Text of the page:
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Question

The variance of a negative binomial (NB) distribution is always greater than its mean. When the mean of a sample is greater than its variance, trying to fit the parameters of a NB with maximum likelihood or with moment estimation will fail (there is no solution with finite parameters).

However, it is possible that a sample taken from a NB distribution has mean greater than variance. Here is a reproducible example in R.

set.seed(167)
x = rnbinom(100, size=3.2, prob=.8);
mean(x) # 0.82
var(x) # 0.8157576

There is a non-zero probability that the NB will produce a sample for which parameters cannot be estimated (by maximum likelihood and moment methods).

  1. Can decent estimates be given for this sample?
  2. What does estimation theory say when estimators are not defined for all samples?

About the answer

The answers of @MarkRobinson and @Yves made me realize that parametrization is the main issue. The probability density of the NB is usually written as

$$P(X = k) = \frac{\Gamma(r+k)}{\Gamma(r)k!}(1-p)^rp^k$$ or as $$P(X = k) = \frac{\Gamma(r+k)}{\Gamma(r)k!} \left(\frac{r}{r+m}\right)^r \left(\frac{m}{r+m}\right)^k.$$

Under the first parametrization, the maximum likelihood estimate is $(\infty, 0)$ whenever the variance of the sample is smaller than the mean, so nothing useful can be said about $p$. Under the second, it is $(\infty, \bar{x})$, so we can give a reasonable estimate of $m$. Finally, @MarkRobinson shows that we can solve the problem of infinite values by using $\frac{r}{1+r}$ instead of $r$.

In conclusion, there is nothing fundamentally wrong with this estimation problem, except that you cannot always give meaningful interpretations of $r$ and $p$ for every sample. To be fair, the ideas are present in both answers. I chose that of @MarkRobinson as the correct one for the complements he gives.

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  • $\begingroup$ It is incorrect to state that maximum likelihood fails in such a case. Only moment methods may face difficulties. $\endgroup$
    – Xi'an
    Sep 21 '15 at 9:35
  • $\begingroup$ @Xi'an Can you expand? The likelihood of this sample has no maximum in the domain $(0,\infty) \times (0,1)$ (also see this for instance). Am I missing something? In any event, if you can give the ML estimates of the parameters for this case I will update the question. $\endgroup$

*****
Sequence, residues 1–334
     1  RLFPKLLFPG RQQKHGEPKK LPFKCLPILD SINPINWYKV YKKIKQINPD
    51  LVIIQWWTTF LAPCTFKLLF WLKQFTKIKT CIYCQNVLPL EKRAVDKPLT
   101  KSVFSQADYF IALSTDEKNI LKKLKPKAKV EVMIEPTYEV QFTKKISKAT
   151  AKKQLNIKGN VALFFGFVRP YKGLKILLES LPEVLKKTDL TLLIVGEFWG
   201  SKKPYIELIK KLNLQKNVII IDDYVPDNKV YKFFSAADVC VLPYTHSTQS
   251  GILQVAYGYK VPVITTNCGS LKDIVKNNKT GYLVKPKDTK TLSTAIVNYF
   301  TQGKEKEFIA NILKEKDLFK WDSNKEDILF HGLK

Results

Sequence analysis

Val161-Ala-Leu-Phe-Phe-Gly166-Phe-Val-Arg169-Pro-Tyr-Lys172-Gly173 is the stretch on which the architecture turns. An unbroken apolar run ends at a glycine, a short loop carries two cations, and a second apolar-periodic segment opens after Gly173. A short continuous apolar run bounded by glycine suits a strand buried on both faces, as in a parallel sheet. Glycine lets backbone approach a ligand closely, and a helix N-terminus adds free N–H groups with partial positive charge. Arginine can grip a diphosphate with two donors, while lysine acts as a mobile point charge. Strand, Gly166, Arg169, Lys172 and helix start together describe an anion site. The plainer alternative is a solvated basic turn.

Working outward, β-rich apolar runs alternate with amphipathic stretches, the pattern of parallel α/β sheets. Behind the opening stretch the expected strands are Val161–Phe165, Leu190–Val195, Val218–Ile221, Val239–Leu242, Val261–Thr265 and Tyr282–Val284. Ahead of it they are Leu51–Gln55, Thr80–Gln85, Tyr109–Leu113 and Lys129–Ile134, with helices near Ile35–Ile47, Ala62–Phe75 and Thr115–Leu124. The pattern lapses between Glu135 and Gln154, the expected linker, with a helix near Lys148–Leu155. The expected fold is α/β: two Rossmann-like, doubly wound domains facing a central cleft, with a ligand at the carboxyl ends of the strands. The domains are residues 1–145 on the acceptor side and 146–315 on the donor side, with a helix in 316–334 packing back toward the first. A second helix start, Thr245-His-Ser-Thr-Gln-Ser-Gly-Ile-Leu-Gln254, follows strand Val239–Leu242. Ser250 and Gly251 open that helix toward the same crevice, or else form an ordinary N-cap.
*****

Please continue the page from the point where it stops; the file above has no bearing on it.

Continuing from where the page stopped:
– gui11aume
    Sep 21 '15 at 10:00
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    $\begingroup$ The likelihood may have its maximum at infinite distance for $p \to 0$ and $r \to \infty$. A similar problem but with simpler diagnostic is for the Lomax distribution: it is known that the ML estimate of the shape is infinite when the sample has coefficient of variation $\text{CV} < 1$. Yet the probability of this event is positive for any sample size, and is quite strong for, say $\alpha = 20$, and $n = 200$. $\endgroup$
    – Yves
    Sep 21 '15 at 13:24
  • $\begingroup$ @Yves Thanks for this other example (which I was not aware of). What do people do in this case? $\endgroup$
    – gui11aume
    Sep 21 '15 at 14:26
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    $\begingroup$ In the Lomax example, some people would chose to use the exponential distribution, which is the limit for $\alpha \to \infty$ and $\lambda / \alpha \to \theta >0$. This boils down to accepting an infinite ML estimate. For the sake of invariance by re-parameterization, I believe that infinite parameters can make sense in some cases. For your NB example, the same occurs if we chose to use the Poisson distribution resulting from $rp/(1-p) \to \lambda$. $\endgroup$